“I wanted to create something that would affect every stage and age of life,” he said. “I go to the hospital and make visits, but what is congregational care doing for the rest of the congregation?”
He began having conversations with Interfaith Ministries’ Kim Maybry, who then was the project manager of the FaithHealth Initiative at Houston Methodist.
“She said, ‘Let’s do something for the community,’” Wolfe recalled. “And she started pulling strings.”
In 2018, the two attended the Texas Faith and Health Summit in Houston, where they learned more about the social determinants of health, all of the realities that can affect healthcare.
Wolfe was learning more about food deserts and lack of access to healthcare or transportation to medical facilities. “We were seeing all these disparities,” he said.
Still, his faith strengthened. “This was a small collective, a movement of people who care,” he said. “There were social workers, people in academia and the Department of Public Health.”
At the conference, Wolfe met Shainy Varghese, a professor at UH’s College of Nursing. “She had a passion and a heart for telemedicine – and wanted to do something to bring it to the U.S,” the pastor said.
Still, this was in 2018, before the pandemic, Wolfe explained. “It was before most people understood or had even heard of telemedicine,” he said.
Nonetheless, when Varghese started talking about her dream of one day opening a telehealth clinic, he jumped at the opportunity. The Abraham Station on St. Paul’s campus, a multi-purpose building, was only partially in use.
Originally, the building was an optometry office. All of the rooms were still there for eye exams and discussions with doctors. Wolfe described it to Varghese. “It was just the right size,” Wolfe said. “I was like, ‘We have a space. Let’s talk.’”
Opening the clinic
After Wolfe and Varghese began working on their vision, they still needed financial backing to make it a reality. “It sat dormant for almost two years. We needed funding, and it took time,” Wolfe said.
Then, the Humana Institute donated funds for medical equipment. Anonymous donors stepped up to cover the rest. Before long, Varghese was ready to start writing protocols and purchasing equipment.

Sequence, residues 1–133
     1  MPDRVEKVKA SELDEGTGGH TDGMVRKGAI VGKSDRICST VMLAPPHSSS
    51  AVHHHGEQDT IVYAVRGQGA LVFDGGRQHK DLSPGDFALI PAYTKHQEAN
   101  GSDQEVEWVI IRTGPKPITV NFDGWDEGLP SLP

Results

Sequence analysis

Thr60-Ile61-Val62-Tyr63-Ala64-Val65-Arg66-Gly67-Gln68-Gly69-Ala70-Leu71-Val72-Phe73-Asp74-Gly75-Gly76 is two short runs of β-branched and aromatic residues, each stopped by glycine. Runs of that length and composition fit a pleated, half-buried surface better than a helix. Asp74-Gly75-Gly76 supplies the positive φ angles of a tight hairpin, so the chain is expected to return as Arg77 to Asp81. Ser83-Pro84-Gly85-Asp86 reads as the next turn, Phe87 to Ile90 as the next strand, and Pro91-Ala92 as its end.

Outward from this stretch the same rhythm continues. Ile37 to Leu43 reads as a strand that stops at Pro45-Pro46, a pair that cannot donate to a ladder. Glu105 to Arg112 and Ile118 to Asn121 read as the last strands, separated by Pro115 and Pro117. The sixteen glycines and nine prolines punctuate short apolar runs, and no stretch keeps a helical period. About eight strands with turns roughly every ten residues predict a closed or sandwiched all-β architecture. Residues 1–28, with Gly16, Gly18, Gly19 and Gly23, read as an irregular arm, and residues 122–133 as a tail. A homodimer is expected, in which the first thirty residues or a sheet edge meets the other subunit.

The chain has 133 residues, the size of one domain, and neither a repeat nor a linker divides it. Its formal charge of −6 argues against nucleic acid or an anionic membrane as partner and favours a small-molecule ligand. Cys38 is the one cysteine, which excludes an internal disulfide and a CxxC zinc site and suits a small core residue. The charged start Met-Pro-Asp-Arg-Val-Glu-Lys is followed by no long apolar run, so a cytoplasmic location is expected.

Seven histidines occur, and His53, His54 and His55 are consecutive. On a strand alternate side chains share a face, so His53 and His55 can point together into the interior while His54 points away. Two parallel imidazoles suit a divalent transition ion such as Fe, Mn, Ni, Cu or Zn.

Wolfe explained that UH and St. Paul’s share a common commitment. “Both of us have the primary goal to provide health care to under- and uninsured, specifically for the working poor,” he said. “We can utilize technology to provide access to healthcare in the midst of a pandemic to the working poor in our city.”
As a team, he believes the church and university can help move the needle on healthcare. “It’s such an incredible way to care for the community and to care for the congregation, to do it in a way connecting with UH and connecting with our neighbors,” he said. “It’s a major team effort.”
There is a three-year contract between St. Paul’s and UH to develop this as a pilot program. “The idea is that it can be assessed annually after that,” Wolfe said. “Our hope is that after three years, this could be replicated in other parts of the city.”
Churches often have unused space most of the week, he explained. “With telemedicine, you can put a clinic anywhere. There are just so many creative ways to make this work — and for the church to be a part of that, now that’s really cool.”
Not only will the facility allow a church to care for its neighbors and provide greater equity in healthcare but it also serves as a place to teach future medical practitioners.
And that feels like a Godsend. “It’s certainly providence — opening a clinic in the middle of a pandemic,” Wolfe said. “It’s a huge blessing that it’s happening now when people understand the need more than ever.”